Order a prepublication copy or read it for free on the National Academies Press web site.
From the Health Affairs blog:
A new commentary, being released today as a Web First by Health Affairs, discusses the concept of “cooperative federalism” in light of the Affordable Care Act. It proposes an optional shared savings program between the states and the federal government as a response to concerns that there may be increased federal control over implementation of the health reform laws at the state level because state decisions will determine the level of federal spending. For example, state decisions regarding Medicaid benefits, payment levels, and the use of managed care, and state exchange policies on rate review, qualifying health plans, and defining essential health benefits, would all directly affect health costs. In this proposed program, the federal government would share with the states any federal savings relative to expected expenditures on state-administered health programs; it would not operate through waivers; and the details of the program would develop through open rule making.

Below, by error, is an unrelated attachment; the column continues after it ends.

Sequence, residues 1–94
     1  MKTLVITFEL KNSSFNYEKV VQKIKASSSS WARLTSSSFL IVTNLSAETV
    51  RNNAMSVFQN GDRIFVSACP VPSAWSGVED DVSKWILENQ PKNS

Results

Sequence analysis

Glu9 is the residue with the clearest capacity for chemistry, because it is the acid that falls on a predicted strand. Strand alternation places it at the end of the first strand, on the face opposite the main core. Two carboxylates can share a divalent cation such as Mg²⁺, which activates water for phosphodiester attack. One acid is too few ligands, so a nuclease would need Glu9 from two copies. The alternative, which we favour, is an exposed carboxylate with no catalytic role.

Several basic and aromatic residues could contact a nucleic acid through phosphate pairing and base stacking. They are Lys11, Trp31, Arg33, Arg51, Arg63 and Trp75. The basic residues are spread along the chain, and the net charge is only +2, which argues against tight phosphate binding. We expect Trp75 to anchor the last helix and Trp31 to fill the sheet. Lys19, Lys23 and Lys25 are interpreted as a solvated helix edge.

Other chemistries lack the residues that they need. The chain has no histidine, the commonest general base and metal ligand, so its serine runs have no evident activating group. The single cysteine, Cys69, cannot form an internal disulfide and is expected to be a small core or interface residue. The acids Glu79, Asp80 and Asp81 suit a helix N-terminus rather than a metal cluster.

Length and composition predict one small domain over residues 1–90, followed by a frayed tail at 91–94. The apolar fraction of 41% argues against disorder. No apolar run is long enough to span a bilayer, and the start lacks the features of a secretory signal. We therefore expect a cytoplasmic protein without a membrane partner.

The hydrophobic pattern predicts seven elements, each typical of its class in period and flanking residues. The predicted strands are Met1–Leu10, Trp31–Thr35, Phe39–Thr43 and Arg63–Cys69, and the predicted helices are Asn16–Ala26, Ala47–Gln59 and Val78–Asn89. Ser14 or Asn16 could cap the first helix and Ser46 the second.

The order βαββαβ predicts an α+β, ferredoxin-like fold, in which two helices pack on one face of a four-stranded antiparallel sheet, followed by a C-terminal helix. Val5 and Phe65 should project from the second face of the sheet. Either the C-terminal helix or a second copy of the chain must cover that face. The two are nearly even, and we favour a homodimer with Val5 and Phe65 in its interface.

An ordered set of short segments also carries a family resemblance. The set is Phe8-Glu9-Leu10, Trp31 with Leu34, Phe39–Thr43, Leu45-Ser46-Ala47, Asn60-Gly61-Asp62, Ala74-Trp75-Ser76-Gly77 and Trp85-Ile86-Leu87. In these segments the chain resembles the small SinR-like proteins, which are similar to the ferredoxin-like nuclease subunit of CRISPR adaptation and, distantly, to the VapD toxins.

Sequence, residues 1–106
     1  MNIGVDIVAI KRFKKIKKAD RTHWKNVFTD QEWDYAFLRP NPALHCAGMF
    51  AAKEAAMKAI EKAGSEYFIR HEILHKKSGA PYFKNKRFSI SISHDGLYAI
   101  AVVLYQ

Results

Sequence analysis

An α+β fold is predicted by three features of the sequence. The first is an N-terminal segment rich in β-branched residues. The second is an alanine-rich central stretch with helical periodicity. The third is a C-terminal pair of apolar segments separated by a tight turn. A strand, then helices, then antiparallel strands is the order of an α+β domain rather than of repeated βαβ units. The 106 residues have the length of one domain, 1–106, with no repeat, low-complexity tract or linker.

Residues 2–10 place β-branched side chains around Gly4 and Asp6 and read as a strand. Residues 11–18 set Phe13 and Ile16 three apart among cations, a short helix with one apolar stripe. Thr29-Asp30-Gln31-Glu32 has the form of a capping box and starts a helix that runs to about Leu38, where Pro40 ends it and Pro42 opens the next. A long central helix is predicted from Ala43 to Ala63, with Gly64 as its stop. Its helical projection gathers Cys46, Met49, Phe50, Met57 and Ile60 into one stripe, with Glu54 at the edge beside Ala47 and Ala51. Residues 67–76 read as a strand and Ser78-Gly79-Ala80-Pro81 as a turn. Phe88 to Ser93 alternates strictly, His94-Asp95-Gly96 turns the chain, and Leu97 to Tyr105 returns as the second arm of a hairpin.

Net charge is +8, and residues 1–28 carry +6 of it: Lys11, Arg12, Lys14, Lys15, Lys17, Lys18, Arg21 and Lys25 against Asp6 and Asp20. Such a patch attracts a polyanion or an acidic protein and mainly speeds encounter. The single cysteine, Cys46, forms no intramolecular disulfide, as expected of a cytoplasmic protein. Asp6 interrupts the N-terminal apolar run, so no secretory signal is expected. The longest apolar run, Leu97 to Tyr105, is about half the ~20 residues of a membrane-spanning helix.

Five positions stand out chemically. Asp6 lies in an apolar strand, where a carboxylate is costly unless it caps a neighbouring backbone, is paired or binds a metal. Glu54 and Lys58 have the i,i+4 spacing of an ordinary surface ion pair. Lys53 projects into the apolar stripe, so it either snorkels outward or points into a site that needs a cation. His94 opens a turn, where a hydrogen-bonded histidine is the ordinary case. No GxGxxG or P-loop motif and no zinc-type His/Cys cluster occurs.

In the author’s opinion, relations between state governments and Washington have been in a state of “uneasy truce” in which the federal government has been accommodating by never exercising its full authority, and the states have put to maximum use the flexibility offered, particularly in tailoring the Medicaid program to their needs. However, this truce, the author claims, has been threatened by the expanded scope of federal control in the Affordable Care Act and fears that the federal government will show heavy handedness as implementation of the law proceeds. Proposing a new shared savings program, the author says, “In this program, the federal government would share with the states any savings in comparison to what the federal government expects it would have paid for programs that have federal financial participation.” The author would tie shared savings to performance standards and suggests that the shared savings program be based on a predetermined formula, not negotiated one state at a time. This program, concludes the author, “offers a path forward that would align states and the federal government in their quest for better performance while limiting the risk to program beneficiaries.”